Annotate this Case

2003 WY 87
72 P.3d 1158
Case Number: 02-238
Decided: 07/17/2003
















Representing Appellant:


            Richard L. Smith, Pro Se.


Representing Appellee:


            Debra H. Smith, Pro Se.






            VOIGT, Justice.


[¶1]      Richard L. Smith (appellant) appeals from a Final Order and Judgment of the district court that denied his petition to modify a divorce decree's child support obligation and granted certain other relief to Debra H. Smith (appellee).  Finding no abuse of discretion, we affirm, but remand for correction of a clerical error in the Final Order and Judgment.




[¶2]      The appellant presents the following issues for resolution:


I.          Did the district court err in finding that there was no significant depreciation in [appellant's] assets?


II.          Did the district court err in ordering the [appellant] to pay $1,126.00 per month for each child without setting forth any deviation as required by statute?


III.         Did the district court err in determining that the child support had not changed by 20 percent?


IV.        Did the district court err when it awarded a judgment for child support arrearages when the official record of the district court showed that no arrearage was due?




[¶3]      The parties were married in 1985.  The marital union produced three children, all of whom were minors when the parties divorced in 1995.  The Decree of Divorce incorporated the terms of a Property Settlement, Child Custody and Child Support Agreement.  In the divorce, the appellee obtained primary custody of the children and the appellant was ordered to pay a total of $800.00 per month in child support.  Both parties filed financial affidavits along with their stipulation.  There is no indication in the record that the child support amount deviated from statutory guidelines.


[¶4]      In the years following the divorce, the appellant's child support payment history was not good.  The record is replete with motions and orders to show cause, garnishments, and judgments for child support arrearages.  On March 23, 2000, the appellant filed a Petition for Modification of Child Support.  In the petition, he alleged "serious financial difficulties" being experienced by his business and an increase in the appellee's monthly income, the combined effect of which would be a reduction in his child support obligation in excess of twenty percent.1


[¶5]      In her Response to Petition for Modification of Child Support, the appellee denied an increase in her monthly income, denied that a twenty percent decrease in the current support amount would result, and requested payment of her costs and attorney's fees for defending against the petition.  In a subsequent Supplement to Response to Petition for Modification of Child Support, the appellee alleged that the appellant's income had actually increased, and requested an increase in child support.


[¶6]      After a trial, the district court found generally in favor of the appellee and against the appellant.  The district court computed the appellant's net monthly income at $4,320.00 and the appellee's net monthly income at $1,078.00.  The district court determined the presumptive monthly support amount for three children to be $1,407.00, and established the appellant's share of that amount as $1,126.00.  The Order and Judgment was made effective September 1, 2000.


[¶7]      On February 8, 2002, acting pro se, the appellant filed a Petition for Review and Adjustment of Child Support and Modification of Divorce Decree.  The appellant alleged that one of the parties' children had been living with him since May 2001, that application of the statutory guidelines would result in at least a twenty percent change in his child support obligation, that he was entitled to fifty percent reimbursement for medical expenses, and that he was entitled to costs and attorney's fees.  The appellee's pro se response generally denied these allegations and narrated the appellant's continued failure to abide by existing court orders.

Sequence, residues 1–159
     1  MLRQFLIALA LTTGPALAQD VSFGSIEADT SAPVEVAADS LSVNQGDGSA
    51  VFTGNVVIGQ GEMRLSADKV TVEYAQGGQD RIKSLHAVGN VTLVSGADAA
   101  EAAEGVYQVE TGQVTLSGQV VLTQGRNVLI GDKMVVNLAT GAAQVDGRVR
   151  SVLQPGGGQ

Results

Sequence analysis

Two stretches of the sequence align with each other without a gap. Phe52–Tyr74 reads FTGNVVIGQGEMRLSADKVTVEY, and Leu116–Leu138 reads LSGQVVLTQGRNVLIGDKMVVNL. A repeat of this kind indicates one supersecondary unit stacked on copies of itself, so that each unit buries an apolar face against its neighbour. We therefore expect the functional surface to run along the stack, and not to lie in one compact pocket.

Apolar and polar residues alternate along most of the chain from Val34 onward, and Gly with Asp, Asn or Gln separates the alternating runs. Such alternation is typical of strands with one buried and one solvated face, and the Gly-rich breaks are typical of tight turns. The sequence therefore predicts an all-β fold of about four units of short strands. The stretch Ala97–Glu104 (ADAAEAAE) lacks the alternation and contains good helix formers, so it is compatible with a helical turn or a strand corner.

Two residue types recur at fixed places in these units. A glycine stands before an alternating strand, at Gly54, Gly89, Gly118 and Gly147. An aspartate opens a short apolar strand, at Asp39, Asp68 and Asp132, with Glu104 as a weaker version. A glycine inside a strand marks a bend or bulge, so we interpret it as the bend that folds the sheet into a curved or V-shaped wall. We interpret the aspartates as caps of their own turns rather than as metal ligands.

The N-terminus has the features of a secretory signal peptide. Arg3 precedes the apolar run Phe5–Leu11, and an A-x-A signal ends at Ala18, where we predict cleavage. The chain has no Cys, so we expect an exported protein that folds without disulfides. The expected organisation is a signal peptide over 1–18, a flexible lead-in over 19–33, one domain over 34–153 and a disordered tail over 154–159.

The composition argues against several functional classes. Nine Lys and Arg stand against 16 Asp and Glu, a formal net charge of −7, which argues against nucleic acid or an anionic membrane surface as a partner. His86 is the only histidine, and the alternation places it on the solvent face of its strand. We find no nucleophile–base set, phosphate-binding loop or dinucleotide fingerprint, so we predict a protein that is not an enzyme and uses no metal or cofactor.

[¶8]      After a trial, the district court once again found generally for the appellee and against the appellant.  Specifically, the district court found as follows:


[The appellant] has not met his burden of proving a substantial change of circumstances such that the support amount would change by 20% or more per month.  [The appellant] has not demonstrated any substantial change in his income since the last determination in August of 2000.  [The appellant] continues to own valuable assets not in keeping with his claims of low net income.  The deposits to his bank accounts indicate a higher income than used in the child support computations.  [The appellant] claims that these amounts are greatly reduced by expenses but he has not proven that many of these expenses are proper deductions from income under Wyoming law or federal income tax law.


[The appellant] has also not proven that [the appellee's] income has substantially increased nor that her income is such as to require that she provide medical coverage for the children.


[The appellee] is entitled to a judgment against [the appellant] of $2074.88 for reimbursement of medical bills, $3924.22 for child support arrearages, and $5167.40 for attorney's fees and costs.  [The appellant] is in contempt for not paying the medical bills and for claiming the children as dependents on his federal tax returns when he was not current in his child support payments.




[¶9]      We described our standard of review for modification of child support orders in Goody v. Goody, 939 P.2d 731, 733 (Wyo. 1997):


            Modification of the provisions of a divorce decree is appropriate only in limited circumstances.  Smith v. Smith, 895 P.2d 37, 41 (Wyo.1995).  The party seeking modification of a child support order must establish that there has been a material and substantial change in circumstances subsequent to the decree which outweighs the interests of society in applying the doctrine of res judicata.  Id., Pinther v. Pinther, 888 P.2d 1250, 1253 (Wyo.1995), Nuspl v. Nuspl, 717 P.2d 341, 345 (Wyo.1986); see also W.S. 20-6-306(a).[2]  The district court's decision to modify a divorce decree is reviewed for abuse of discretion.  Rocha v. Rocha, 925 P.2d 231, 233 (Wyo.1996) (citing Cranston v. Cranston, 879 P.2d 345, 349 (Wyo.1994)).